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Wave equation with gravity

  1. Jul 16, 2010 #1
    Hi.

    I think the wave equation for a flexible cable including gravity should look like this
    [tex]
    \frac{\partial^2}{\partial x^2}f(x,t)-\frac{1}{c^2}\frac{\partial^2}{\partial t^2}f(x,t)=g
    [/tex]
    It this true? (g is the gravitational constant)

    Now if I put the boundary conditions [itex]f(x=0,t)=0 [/itex], [itex]f(x=1,t)=0[/itex] and [itex]f(x,t=0)=0[/itex] a solution to the equation would be [itex]f(x,t)=\frac{g}{2}x(x-1)[/itex]. But this tells me that the cable will follow a parabola under the influence of gravity, which is not true. What is the problem?
     
    Last edited: Jul 16, 2010
  2. jcsd
  3. Jul 16, 2010 #2
    I guess you're finding the shape of the stable cable, which accounts for your solution at which t is not present. If so, then yes, the shape is a parabola. Why is it so obviously wrong?
    By the way, I think the wave equation is wrong in dimension, which leads to that the solution is wrong in dimension too.
     
  4. Jul 18, 2010 #3

    Cleonis

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    Actually, the shape of a cable suspended at both ends is a catenary, not a parabola. Solving for the catenary gives the hyperbolic cosine.

    [tex] cosh(x) = \tfrac{1}{2}(e^x + e^{-x}) [/tex]
     
  5. Jul 18, 2010 #4

    Vanadium 50

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    First, it's a catenary.

    Second, why did you start with a 1-dimensional wave equation in x and t and expect it to give you y vs. x?
     
  6. Jul 18, 2010 #5
    I think it's [tex]y=\frac{1}{a} cosh(ax)=\frac{1}{2a}(e^{ax}+e^{-ax})[/tex].
    For cables which are hung tightly, a is small and therefore, we end up with that y(x) is a parabola approximately. Though I don't think this is valid because the assumption we have to make at the start in order to arrive at catenary is that the cable is hung gently, my intuition tells me that the actual result if the cable is not hung gently is parabola.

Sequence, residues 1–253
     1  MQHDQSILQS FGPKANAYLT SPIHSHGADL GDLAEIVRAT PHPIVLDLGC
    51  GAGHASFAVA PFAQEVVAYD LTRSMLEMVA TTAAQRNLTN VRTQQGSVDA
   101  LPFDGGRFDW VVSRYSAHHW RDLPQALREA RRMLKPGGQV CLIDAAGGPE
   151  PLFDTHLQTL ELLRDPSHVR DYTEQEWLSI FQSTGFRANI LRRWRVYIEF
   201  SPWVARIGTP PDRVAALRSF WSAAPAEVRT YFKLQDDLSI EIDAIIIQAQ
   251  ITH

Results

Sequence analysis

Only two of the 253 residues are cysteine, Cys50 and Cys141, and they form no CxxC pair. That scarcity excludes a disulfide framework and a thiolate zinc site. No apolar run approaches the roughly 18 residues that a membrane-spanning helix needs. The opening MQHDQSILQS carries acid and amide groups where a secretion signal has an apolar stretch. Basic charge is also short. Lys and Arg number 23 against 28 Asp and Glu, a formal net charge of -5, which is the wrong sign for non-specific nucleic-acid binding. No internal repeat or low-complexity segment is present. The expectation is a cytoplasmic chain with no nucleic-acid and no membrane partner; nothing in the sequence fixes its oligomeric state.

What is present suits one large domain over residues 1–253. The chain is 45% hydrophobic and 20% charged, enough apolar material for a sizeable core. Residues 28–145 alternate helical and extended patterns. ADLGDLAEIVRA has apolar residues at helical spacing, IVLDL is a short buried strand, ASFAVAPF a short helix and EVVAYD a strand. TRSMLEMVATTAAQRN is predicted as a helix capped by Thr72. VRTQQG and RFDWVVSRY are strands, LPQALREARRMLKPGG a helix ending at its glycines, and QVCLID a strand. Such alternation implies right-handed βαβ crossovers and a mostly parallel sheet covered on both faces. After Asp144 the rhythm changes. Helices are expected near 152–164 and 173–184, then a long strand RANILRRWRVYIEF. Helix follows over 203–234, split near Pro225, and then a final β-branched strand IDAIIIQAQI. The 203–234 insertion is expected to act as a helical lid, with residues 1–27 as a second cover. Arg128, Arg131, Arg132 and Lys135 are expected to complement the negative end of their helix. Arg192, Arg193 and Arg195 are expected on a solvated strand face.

Now the wave equation derived by the OP is: [tex]
    \frac{\partial^2}{\partial x^2}f(x,t)-\frac{1}{c^2}\frac{\partial^2}{\partial t^2}f(x,t)=g
    [/tex]
    I couldn't derive this equation without one condition: the cable is not hung gently, i.e. [tex]tan\theta = \frac{\partial f}{\partial x} << 1[/tex]. I guess the "flexibility" condition means that the cable is not too hard and there is no sudden change in dy/dx - the curve is a smooth curve.
    Under this condition, after doing some simple math, we can arrive at that y(x) is a parabola.


    Anyway it's just my speculation. Correct me if I'm wrong.
     
    Last edited: Jul 18, 2010
  7. Jul 18, 2010 #6
    You can derive the wave equation for a flexible cable by considering a series of mass points connected by springs. So [itex]f(x,t)[/itex] is the y-coordinate of the flexible cable at position x at time t. Now in my derivation of the wave equation I tried adding in an additional force which is gravity.
     
  8. Jul 18, 2010 #7
    There is a difference between the suspended cable and the series of masses and springs: while the series is in horizontal position, the cable doesn't (so you have to deal with the angle). There are 2 extreme cases of the main factor affecting the vibration of the cable: it is either gravity or tension (but not both). If it's gravity, I think we cannot write f(x,t), because the propagating direction of the wave is not the x direction. If it's tension, we can.
     
  9. Jul 18, 2010 #8

    Vanadium 50

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    My point is that you want y vs. x. But you wrote down an equation with x, t and no y. See the problem?
     
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